Quit claim deeds can be used to add or remove an individual from the title to property. Often this is used between parents and children or spouses. Quit claim deeds offer no warranty that the seller holds a free and clear title to the home. The specific verbiage in the quit claim deed differentiates it from other types of deeds, such as a warranty deed. Quit claim deeds should be prepared by a professional, but preparing and recording one on your own is acceptable as well.
Consult trustworthy resources, such as legal books, for the correct way to word the quit claim deed. Check with the county recorder's office for any recording requirements, such as page margins, and if the marital status is needed for the parties involved.
Speak with an attorney to verify the information to be included on the deed is correct. Many attorneys can provide deed preparation services for low fees.
Meet with the parties involved in the transfer. Generally only the grantors, the people who are currently on title, need to sign. Sign the documents in the presence of a notary public. Complete any forms that are required by the county or state.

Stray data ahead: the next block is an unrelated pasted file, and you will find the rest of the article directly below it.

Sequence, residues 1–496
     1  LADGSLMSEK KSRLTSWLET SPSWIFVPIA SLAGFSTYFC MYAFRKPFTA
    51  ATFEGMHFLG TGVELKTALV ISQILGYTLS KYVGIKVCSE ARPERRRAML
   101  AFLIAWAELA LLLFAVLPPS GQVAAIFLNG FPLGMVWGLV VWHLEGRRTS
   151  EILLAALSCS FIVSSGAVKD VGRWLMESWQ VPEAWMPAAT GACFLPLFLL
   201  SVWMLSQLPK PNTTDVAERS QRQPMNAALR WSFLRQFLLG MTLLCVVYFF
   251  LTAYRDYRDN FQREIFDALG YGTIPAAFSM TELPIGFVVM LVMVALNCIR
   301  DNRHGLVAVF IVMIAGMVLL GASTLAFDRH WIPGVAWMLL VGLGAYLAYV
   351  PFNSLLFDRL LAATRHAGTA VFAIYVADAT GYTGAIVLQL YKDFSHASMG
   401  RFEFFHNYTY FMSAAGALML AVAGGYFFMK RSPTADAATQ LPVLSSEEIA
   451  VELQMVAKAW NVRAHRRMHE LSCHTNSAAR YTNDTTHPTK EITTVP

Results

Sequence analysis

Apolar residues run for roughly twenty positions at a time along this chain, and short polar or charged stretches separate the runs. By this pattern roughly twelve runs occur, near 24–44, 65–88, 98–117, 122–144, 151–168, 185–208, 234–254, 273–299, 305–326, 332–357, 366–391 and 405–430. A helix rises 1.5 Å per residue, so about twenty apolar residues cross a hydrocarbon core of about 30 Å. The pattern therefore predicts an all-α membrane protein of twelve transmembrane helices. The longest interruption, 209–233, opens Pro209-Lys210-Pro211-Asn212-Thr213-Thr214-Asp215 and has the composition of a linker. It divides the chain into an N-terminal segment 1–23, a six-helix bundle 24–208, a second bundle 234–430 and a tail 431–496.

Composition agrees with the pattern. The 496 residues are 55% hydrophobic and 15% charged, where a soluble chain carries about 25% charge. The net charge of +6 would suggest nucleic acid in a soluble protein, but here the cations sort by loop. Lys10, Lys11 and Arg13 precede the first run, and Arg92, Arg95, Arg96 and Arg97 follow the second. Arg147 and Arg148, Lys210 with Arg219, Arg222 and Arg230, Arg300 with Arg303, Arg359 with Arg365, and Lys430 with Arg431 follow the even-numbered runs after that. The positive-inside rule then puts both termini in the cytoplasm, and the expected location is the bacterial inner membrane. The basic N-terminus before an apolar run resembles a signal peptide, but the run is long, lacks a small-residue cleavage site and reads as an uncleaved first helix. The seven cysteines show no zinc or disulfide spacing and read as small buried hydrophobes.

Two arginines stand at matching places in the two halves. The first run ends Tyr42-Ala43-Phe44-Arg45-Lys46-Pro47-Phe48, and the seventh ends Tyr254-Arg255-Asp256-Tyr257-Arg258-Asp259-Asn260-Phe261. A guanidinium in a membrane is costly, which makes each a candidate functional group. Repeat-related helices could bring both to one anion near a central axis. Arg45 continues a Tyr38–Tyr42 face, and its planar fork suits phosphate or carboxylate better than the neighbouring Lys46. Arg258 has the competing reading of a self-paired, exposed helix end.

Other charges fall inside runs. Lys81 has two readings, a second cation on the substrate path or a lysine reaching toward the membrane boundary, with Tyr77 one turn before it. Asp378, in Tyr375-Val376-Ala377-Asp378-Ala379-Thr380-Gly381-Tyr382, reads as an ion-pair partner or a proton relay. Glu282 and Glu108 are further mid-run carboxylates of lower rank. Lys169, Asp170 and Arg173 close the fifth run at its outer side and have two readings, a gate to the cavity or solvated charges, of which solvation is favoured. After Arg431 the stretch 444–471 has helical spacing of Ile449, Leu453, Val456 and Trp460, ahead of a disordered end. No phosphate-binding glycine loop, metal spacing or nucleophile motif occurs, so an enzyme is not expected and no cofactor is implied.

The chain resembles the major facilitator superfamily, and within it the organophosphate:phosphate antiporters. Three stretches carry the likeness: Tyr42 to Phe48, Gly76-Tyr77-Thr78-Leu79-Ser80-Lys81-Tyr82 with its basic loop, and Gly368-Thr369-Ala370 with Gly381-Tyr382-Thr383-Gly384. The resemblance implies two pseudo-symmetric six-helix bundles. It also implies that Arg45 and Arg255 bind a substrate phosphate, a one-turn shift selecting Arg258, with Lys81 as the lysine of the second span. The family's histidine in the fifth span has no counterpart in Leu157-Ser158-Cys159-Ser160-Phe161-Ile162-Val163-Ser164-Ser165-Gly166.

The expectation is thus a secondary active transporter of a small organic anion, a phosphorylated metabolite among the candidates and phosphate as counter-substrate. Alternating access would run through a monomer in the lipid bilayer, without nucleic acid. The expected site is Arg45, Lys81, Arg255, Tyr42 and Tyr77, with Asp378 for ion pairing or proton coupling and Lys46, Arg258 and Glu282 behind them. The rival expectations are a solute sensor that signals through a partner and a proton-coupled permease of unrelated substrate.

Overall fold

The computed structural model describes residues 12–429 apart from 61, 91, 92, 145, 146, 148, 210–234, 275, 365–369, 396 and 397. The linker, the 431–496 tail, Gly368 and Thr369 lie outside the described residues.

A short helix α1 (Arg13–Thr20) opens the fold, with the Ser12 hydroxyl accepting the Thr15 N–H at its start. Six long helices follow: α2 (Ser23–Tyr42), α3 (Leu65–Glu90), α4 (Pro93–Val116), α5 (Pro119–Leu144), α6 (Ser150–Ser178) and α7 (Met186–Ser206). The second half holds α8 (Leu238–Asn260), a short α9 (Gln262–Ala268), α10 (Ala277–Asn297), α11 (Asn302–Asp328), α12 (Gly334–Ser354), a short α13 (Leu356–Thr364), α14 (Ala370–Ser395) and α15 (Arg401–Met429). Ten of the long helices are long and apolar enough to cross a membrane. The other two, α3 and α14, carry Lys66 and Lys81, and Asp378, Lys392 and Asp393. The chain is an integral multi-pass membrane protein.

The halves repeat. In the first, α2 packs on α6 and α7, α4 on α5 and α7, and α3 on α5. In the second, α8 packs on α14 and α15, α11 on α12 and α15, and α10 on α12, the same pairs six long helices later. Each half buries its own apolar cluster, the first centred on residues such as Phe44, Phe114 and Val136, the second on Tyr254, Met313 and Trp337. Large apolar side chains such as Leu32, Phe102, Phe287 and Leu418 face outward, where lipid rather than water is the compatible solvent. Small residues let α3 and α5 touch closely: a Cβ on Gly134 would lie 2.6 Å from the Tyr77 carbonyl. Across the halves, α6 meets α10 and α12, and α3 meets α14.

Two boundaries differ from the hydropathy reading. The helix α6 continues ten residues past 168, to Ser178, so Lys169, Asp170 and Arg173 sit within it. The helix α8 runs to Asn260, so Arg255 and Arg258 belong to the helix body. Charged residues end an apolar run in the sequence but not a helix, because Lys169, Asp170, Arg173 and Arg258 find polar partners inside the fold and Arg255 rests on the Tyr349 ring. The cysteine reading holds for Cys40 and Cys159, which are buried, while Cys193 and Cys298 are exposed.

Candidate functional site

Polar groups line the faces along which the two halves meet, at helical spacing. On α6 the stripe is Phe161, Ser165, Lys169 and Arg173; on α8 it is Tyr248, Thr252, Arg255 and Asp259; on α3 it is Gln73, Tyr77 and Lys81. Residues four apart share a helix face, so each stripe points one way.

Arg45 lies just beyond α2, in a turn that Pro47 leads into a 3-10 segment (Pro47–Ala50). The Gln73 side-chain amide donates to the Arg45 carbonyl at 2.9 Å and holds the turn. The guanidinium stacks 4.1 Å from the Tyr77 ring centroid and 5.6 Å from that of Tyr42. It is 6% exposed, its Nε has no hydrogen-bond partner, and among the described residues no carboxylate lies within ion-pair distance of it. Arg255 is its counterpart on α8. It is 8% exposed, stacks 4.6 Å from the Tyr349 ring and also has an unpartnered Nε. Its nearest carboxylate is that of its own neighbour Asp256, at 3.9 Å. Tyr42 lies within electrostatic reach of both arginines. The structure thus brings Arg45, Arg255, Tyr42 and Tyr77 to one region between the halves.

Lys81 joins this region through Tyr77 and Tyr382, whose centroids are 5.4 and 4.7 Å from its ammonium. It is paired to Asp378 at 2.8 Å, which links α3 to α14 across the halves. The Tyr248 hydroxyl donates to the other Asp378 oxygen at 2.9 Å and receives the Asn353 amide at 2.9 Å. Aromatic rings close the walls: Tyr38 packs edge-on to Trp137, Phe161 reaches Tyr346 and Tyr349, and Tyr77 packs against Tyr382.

Take the deed and any forms to the county recorder's office. Bring a check or money order to pay for the recording fees. Submit the deed to to clerk to be recorded.
Ask the clerk to provide the recording information upon completion. The recorded deed should be returned to you within a few days to weeks.
Researching the proper way to prepare a quit claim deed may take a lot of time and effort. Consulting with an attorney or online document preparation service first may save you time. Remember, deeds are legal documents, so listing an attorney's name as the preparer adds more validity to the deed.
Each state has different recording guidelines. A document that will record in one state, might not in another. Be sure the document fully adheres to the county's recording standards before submitting.
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